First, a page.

Igor Smirnov, leader of Transdniester (file photo) (ITAR-TASS)
June 14, 2006 -- The separatist leaders of the breakaway Georgian republics of Abkhazia and South Ossetia and the Transdniester separatist region of Moldova today declared that the right to self-determination is universal and should not be upheld selectively.
Montenegro's declaration of independence in May has prompted renewed calls by the three regions to be recognized as independent states by the international community.
In a joint declaration at the end of a two-day meeting in Sukhumi, Abkhazia's Sergei Bagapsh, South Ossetia's Eduard Kokoity,and Transdniester's Igor Smirnov vowed to support each other's independence aspirations.
They also called for the continued deployment of Russian troops on their territory, saying that stability in the regions they govern depends on the presence of Russian-led peacekeepers.
The three regions, none of which has been unrecognized internationally, broke away from Georgia and Moldova in civil wars after the 1991 Soviet collapse. All three maintain close ties with Russia.
President Putin at a Kremlin meeting in April (epa)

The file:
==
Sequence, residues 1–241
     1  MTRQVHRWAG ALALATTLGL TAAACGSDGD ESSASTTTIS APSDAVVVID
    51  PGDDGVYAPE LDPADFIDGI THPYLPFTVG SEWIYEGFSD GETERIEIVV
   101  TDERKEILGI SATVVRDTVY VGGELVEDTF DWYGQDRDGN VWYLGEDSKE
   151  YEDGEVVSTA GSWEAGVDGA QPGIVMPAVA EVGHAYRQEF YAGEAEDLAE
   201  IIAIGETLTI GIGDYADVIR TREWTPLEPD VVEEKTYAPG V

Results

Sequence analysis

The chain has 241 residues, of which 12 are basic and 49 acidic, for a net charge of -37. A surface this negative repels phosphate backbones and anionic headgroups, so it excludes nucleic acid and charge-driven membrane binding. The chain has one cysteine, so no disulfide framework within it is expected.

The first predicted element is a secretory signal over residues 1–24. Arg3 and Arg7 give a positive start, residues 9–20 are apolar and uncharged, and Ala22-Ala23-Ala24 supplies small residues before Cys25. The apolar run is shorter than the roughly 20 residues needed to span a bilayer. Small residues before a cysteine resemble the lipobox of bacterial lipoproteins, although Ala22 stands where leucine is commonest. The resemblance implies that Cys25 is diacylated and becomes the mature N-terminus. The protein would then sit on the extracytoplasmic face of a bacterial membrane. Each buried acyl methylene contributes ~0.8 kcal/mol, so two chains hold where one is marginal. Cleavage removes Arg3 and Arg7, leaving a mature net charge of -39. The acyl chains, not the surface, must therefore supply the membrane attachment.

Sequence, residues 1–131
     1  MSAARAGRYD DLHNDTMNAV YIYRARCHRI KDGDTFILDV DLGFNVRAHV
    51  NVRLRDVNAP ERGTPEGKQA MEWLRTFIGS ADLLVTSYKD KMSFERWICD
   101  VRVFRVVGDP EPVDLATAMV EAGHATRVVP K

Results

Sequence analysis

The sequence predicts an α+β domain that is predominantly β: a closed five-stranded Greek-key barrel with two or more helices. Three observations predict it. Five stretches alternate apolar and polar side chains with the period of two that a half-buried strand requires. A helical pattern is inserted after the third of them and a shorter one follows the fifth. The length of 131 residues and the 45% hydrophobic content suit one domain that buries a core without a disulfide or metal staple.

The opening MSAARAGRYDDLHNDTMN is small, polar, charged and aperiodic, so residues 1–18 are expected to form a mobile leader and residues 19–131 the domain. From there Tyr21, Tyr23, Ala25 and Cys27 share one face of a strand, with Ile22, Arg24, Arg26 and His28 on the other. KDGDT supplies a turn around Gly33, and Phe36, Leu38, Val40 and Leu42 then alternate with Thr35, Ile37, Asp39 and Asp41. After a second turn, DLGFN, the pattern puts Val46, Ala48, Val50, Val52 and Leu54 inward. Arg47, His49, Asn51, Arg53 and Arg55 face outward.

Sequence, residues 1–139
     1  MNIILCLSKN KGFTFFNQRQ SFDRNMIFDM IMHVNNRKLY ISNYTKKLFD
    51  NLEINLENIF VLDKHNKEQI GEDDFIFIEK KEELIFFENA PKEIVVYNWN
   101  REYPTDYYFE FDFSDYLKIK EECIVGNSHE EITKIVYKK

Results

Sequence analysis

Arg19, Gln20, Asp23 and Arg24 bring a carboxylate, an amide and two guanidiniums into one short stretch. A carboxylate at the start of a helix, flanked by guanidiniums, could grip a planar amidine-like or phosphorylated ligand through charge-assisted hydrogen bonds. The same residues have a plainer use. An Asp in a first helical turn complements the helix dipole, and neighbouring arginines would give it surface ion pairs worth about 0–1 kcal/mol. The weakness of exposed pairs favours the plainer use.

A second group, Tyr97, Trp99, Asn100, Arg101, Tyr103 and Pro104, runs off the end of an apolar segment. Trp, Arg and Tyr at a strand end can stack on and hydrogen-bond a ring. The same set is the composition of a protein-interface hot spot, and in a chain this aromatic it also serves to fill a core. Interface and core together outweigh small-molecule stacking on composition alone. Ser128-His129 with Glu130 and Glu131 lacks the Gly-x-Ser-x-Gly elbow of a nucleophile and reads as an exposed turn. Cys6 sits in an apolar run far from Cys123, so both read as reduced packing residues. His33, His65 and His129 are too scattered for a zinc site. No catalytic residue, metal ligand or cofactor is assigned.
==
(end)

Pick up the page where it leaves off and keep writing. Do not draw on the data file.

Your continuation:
PUTIN SPEAKS OUT: During a January press conference, Russian President Vladimir Putin said there is a need for "universal principles" to settle "frozen" conflicts in the CIS. His comments came against the background of impending talks on the future status of Kosovo, which many predict will grant it a form of "conditional independence" from Serbia and Montenegro. As an ally of Serbia, Moscow has consistently opposed the idea of Kosovar independence. Putin's remarks suggest he may be shifting his position, but only if the principles applied to Kosovo are also applied to frozen conflicts in the former Soviet Union. If Kosovo can be granted full independence, he asked, why should we deny the same to Abkhazia and South Ossetia? (more)
Putin Calls For 'Universal Principles' To Settle Frozen Conflicts
Russia Key To OSCE's Attempts To Resolve Frozen Conflicts
Georgia Pushes For EU Backing In Standoffs With Russia
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